You wish the wraith-like creature known as Hollowface would just hurry up and get on with it in “Intruders,” a fitfully creepy, overly protracted chiller that plays more like a noncommittal sampler of horror techniques than the vivid nightmare it’s clearly aiming for. Split between two narrative threads, each centered around a child terrorized by a persistent but annoyingly hesitant monster, this polished item from Spanish genre pro Juan Carlos Fresnadillo operates by ill-defined supernatural rules and takes its sweet time springing underwhelming surprises. Clive Owen starrer will scare up more returns internationally than Stateside.
In Spain, young Juan (Izan Corchero) is receiving near-nightly visits from a black-hooded, faceless specter with a pronounced resemblance to a “Harry Potter” Dementor. Hoping to free her boy from this demonic influence, mom Luisa (Pilar Lopez de Ayala) seeks help from a priest (Daniel Bruehl). But Juan’s horrors seem to be largely of his own creation, as he spends much of his time scribbling scary stories on notepads after dark.
Similarly captivated by her love of storytelling, London girl Mia (a fine Ella Purnell, “Never Let Me Go”) is also being stalked by the hooded creep, who in her stories goes by the name of Hollowface. As Mia writes, Hollowface is hellbent on stealing a child’s visage for his own; to that end, there is a steady proliferation of nightmares and hallucinations in which various characters’ features have been digitally erased, a device that becomes less freaky the more it’s used.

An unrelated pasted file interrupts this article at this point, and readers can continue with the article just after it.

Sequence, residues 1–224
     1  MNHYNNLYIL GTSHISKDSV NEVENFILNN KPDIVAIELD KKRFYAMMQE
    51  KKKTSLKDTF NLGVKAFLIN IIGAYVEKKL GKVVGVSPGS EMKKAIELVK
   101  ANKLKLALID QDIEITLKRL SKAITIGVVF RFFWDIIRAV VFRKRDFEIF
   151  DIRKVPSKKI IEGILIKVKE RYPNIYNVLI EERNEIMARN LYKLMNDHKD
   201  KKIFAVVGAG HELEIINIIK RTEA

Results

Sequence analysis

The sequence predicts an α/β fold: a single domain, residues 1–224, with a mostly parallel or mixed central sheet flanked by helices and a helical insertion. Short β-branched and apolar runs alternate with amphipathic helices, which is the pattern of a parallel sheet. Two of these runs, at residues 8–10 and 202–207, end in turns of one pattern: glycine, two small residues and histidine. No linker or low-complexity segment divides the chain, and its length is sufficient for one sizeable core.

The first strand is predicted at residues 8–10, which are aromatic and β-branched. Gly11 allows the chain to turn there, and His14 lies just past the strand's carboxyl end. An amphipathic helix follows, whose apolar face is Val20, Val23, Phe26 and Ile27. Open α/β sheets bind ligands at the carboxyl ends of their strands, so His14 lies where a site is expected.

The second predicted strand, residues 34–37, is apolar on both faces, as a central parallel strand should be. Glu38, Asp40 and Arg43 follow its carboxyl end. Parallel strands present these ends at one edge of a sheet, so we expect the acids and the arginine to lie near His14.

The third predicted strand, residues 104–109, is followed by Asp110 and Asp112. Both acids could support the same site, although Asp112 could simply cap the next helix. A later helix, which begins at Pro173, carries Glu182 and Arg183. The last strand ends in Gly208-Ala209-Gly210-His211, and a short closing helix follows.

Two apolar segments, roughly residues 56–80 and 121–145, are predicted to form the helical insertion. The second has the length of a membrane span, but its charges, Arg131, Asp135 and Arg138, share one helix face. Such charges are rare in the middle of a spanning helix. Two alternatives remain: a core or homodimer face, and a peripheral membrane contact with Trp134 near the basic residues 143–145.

Indeed, little in “Intruders” improves with repetition. Tension dissipates every time the film cuts from Juan in Spain to Mia in Blighty. The kids spend so much time writing about Hollowface, it’s hard not to feel they deserve whatever heebie-jeebies they get. Hollowface keeps showing up in Juan’s bedroom, yet all he really does is hover, making him about as scary as a ceiling fan. He takes a slightly more aggressive tack with Mia, creeping out of her closet — in a sequence that does deliver a gratifying frisson of terror — and attacking her and her father, John (Clive Owen), the only adult who seems to see what Mia sees.
Owen, who’s played a number of protective dads of late (“The Boys Are Back,” “Trust”), effectively conveys John’s desperate, fearful love for his daughter, and at the film’s core is the germ of a compelling idea: that parents can’t always protect their children, and that the monster in the closet might be more than just a figment of a kid’s overactive imagination. But the script (by Nico Casariego and Jaime Marques) never deals with this notion at a psychological or subtextual level, and its climactic twist exposes the entire story as a gimmicky construct.
Production bears out the craft and polish of Fresnadillo’s “Intacto” and “28 Weeks Later,” but the serious thriller chops the director brought to those pictures seem misapplied to a story that consistently undercuts its own suspense and momentum. The visual effects, sparingly used throughout, go for phantasmagoric overkill in the final stretch.
A nude scene by Carice van Houten (as Mia’s mom), far from unwelcome but unnecessary from a dramatic standpoint, is the only reason this gore-free picture wouldn’t qualify for a PG-13 rating in the U.S. Among the film’s many oddities, perhaps easier to spot in the press notes than in the finished work itself, is the decision to give Mia the last name Farrow.